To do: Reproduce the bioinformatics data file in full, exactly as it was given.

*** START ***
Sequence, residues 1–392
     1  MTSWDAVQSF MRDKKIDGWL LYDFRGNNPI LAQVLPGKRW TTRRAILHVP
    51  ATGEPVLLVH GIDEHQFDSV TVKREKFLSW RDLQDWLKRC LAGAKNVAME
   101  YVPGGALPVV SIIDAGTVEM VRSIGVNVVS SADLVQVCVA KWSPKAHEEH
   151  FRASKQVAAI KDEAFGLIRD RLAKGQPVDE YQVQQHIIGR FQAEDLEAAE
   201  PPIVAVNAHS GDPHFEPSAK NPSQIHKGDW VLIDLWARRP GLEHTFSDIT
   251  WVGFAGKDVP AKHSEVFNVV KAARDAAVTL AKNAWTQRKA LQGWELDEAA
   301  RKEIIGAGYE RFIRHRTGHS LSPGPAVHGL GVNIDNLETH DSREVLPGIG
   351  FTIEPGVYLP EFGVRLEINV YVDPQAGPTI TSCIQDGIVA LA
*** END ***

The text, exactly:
Sequence, residues 1–392
     1  MTSWDAVQSF MRDKKIDGWL LYDFRGNNPI LAQVLPGKRW TTRRAILHVP
    51  ATGEPVLLVH GIDEHQFDSV TVKREKFLSW RDLQDWLKRC LAGAKNVAME
   101  YVPGGALPVV SIIDAGTVEM VRSIGVNVVS SADLVQVCVA KWSPKAHEEH
   151  FRASKQVAAI KDEAFGLIRD RLAKGQPVDE YQVQQHIIGR FQAEDLEAAE
   201  PPIVAVNAHS GDPHFEPSAK NPSQIHKGDW VLIDLWARRP GLEHTFSDIT
   251  WVGFAGKDVP AKHSEVFNVV KAARDAAVTL AKNAWTQRKA LQGWELDEAA
   301  RKEIIGAGYE RFIRHRTGHS LSPGPAVHGL GVNIDNLETH DSREVLPGIG
   351  FTIEPGVYLP EFGVRLEINV YVDPQAGPTI TSCIQDGIVA LA